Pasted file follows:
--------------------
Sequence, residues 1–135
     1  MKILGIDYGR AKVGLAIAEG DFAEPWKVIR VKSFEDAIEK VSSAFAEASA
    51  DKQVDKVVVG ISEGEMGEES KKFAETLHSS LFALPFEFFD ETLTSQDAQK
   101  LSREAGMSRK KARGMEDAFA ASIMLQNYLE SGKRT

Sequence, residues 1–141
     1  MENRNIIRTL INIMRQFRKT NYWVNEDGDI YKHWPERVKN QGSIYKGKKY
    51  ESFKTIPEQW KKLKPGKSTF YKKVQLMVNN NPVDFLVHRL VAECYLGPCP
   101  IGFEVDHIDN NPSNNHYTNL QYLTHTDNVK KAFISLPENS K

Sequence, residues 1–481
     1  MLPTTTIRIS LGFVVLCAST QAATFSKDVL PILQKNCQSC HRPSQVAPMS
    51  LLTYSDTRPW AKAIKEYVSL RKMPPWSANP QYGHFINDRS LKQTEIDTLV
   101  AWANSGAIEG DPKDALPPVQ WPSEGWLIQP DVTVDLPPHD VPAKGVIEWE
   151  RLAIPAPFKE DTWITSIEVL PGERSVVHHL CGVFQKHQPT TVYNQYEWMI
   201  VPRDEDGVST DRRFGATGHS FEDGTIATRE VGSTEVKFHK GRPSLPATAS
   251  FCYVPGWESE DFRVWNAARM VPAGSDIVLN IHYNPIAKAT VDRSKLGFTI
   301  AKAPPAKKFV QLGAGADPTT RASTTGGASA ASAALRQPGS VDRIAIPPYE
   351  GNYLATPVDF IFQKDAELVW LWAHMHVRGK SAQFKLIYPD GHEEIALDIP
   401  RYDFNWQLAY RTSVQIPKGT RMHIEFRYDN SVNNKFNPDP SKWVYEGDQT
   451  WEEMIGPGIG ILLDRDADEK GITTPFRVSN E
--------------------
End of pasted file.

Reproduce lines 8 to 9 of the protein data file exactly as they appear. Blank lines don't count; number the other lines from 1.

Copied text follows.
   101  IGFEVDHIDN NPSNNHYTNL QYLTHTDNVK KAFISLPENS K

Sequence, residues 1–481